Jeff Banister has heard about the fans’ handwringing over his decision to rest closer Sam Dyson during Friday’s loss to the Red Sox.
He tried clarifying his reasoning again before Saturday’s game after a question on the topic arose concerning Dyson’s previous appearances entering a game with a large lead.
“Let’s revisit that a little bit since that’s been the topic du jour,” he said.
Since assuming the closer role May 17, Dyson has started the ninth with a lead of four runs or more six times. The last time was June 14 in Oakland when he closed a 10-6 win.
The other five outings with a four-run or larger lead came in five consecutive appearances from May 25 to June 3. Since then, he’s only been used once in a non-save situation.
Banister said his approach early with Dyson as the closer was to put an end hopefully to a string of blown games that preceded Shawn Tolleson’s losing the closer job.
It’s Banister’s contention that if he hadn’t used Dyson as frequently as he did “we wouldn’t be where we are right now.”
“All those situations came when we made the transition,” Banister said. “And at a time when we had blown nine leads, and we weren’t going in the right direction prior to that occurring. We weren’t where we are right now. It was necessary to get this momentum going in the right direction. I made a decision that I wasn’t willing to let any of those leads get away.”
Now, with a big lead in the AL West, Banister inferred, it’s appropriate to give Dyson some rest when possible.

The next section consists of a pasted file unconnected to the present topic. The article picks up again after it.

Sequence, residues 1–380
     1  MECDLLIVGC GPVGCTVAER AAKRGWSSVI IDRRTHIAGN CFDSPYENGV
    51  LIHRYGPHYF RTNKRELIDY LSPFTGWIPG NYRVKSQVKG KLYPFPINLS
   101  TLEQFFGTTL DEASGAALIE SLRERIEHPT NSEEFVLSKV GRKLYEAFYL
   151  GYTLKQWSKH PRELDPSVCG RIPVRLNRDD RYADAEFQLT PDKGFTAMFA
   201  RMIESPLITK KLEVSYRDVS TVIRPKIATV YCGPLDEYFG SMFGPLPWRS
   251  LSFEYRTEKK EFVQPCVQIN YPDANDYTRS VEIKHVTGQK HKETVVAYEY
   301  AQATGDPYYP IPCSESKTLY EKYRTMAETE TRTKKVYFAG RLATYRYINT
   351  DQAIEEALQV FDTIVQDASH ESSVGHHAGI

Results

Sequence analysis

“Now it’s a point where we need to back away from the flame a little bit,” he said. “If not, we’re staring at 80 innings at the end of the year. We don’t want that.”
Dyson has already pitched 37 1/3 innings, including 11 2/3 in June.
“Sam can’t be the only guy out there. [Jake] Diekman can’t be the only guy out there. Matt Bush can’t be the only guy out there,” Banister said. “We’ve got to be able to close those games out, too, when Sam is not available to us.”
Diekman, who started the ninth Friday and was charged with two runs and replaced by Bush, was not available Saturday and perhaps won’t be Sunday.
The left-hander has thrown 53 pitches in his last two appearances, including 28 Friday. He walked the lead-off batter and then threw 11 pitches to pinch hitter Sandy Leon before surrendering a double.
“Once you get past that 19-pitch mark there’s not too many good things that happen, and we threw 11 of them to one guy,” Banister said.
Diekman has thrown 28 1/3 innings, including nine in June.
Darvish, Kela bullpens
Right-hander Yu Darvish will throw his first bullpen session Sunday since going on on the disabled list June 9 with right shoulder discomfort. He’s scheduled to throw 30-35 pitches. Darvish is scheduled to throw a simulated game in New York this week.
Right-hander Keone Kela is also scheduled to throw a bullpen session Sunday. He said he felt great after throwing a 20-pitch bullpen Friday. Kela is scheduled to throw a 20- to 25-pitch live batting practice in New York on Wednesday.
“I’m hitting my spots, I added a two-seam [fastball],” Kela said. “My curveball is still sharp, I’m throwing it for strikes and as an out pitch. And I’m in-and-out with my fastball. I’m very excited.”
Kela, who has been on the DL since April 20 with bone spurs in his right elbow, is likely to spend a week on a rehab assignment in the minors once he’s cleared later this week.
Big Papi tribute
The Rangers saluted the Red Sox’s David Ortiz with a pregame ceremony Saturday. Adrian Beltre and Elvis Andrus presented Ortiz with a custom-made belt buckle and a pair of black Lucchese boots with “Big” and “Papi” stitched on either boot.